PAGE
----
Survive Parenting A Child With ADHD

man and child

Coping with a child is tough enough. But what happens if your child is diagnosed with ADHD as well. What can you do to help yourself, your family and your child? Who can you ask and who do you trust?

If you have any experience of ADHD (Attention Deficit Disorder) you will understand that it can be very frustrating and overwhelming at times. However, as a parent of a child with ADHD there are a lot of steps that you can take to help manage your child’s condition and also change the way that you cope with it.

Controlling The Situation

Many people don’t realise that the symptoms of ADHD can be controlled and reduced using a few key measures. It is important to know that you have the power to help your child with their ADHD, allowing them to channel their energy into positive actions and cope with daily challenges.

It is possible to restore calm and order to your household if you are willing to take a little time to fully understand your child’s ADHD and the steps that you need to take to help them manage their condition. Children who have ADHD should not be limited; they can succeed in life, just like any other child, however, this success may largely be determined by the actions that you take today. It is vital for you to stay healthy and positive yourself – if you find that you are feeling run down or stressed, this may add to an already turbulent situation.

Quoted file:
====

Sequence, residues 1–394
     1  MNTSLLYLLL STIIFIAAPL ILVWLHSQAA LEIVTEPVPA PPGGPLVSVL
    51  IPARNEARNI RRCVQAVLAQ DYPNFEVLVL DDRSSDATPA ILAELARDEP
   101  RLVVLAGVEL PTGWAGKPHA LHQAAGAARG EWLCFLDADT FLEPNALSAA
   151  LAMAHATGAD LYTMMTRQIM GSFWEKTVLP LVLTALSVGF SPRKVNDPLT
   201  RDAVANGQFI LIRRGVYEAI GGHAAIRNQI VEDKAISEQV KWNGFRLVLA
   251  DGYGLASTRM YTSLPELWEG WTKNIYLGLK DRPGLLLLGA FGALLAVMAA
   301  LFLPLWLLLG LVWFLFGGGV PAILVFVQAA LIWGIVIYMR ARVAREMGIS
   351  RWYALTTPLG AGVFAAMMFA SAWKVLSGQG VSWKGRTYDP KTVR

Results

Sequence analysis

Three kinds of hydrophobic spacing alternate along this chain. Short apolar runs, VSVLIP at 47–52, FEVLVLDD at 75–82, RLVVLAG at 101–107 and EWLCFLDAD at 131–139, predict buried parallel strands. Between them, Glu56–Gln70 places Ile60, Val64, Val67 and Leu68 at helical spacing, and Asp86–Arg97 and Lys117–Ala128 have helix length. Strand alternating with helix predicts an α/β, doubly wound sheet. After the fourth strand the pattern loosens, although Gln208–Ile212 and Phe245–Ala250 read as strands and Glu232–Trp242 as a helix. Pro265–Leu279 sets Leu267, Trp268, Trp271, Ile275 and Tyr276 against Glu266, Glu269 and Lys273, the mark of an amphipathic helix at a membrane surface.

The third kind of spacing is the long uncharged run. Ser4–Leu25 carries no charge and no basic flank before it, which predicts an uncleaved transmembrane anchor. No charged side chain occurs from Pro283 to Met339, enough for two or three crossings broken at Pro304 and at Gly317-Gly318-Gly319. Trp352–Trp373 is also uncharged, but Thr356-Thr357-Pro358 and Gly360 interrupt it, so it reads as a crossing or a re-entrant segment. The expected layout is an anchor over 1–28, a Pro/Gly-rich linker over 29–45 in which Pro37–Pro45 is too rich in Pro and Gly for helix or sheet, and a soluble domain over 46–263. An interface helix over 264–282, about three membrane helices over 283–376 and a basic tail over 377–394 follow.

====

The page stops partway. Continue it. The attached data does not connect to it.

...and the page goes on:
Daily Structure

It is important to establish a daily structure for a child with ADHD and stick to it at all times. To do this you will need to set clear expectations and rules and explain to the child in question the importance of adhering to them. Encourage activities and set a time for sleep each night – routine is very important for the management of children with ADHD. You should also control a child’s diet, make sure that they eat the right kind of foods to keep them healthy and avoid any stimulants (i.e.. sugar) that may aid disruptive behaviour.

Planning Ahead

Children with ADHD often have problems thinking ahead i.e.. they may struggle to make future plans, organise themselves, complete tasks or control impulses and that’s where you can help them. Extra guidance will be needed by you so that your child can gradually learn how to do these things on their own. It’s not a matter of ‘taking over’ but rather giving support to help a child with ADHD to let them complete tasks on their own.

When a child with ADHD shows signs of improvement, it’s important to praise them to instil a sense of well-being and indicate that good behaviour leads to a reward.

Getting Help

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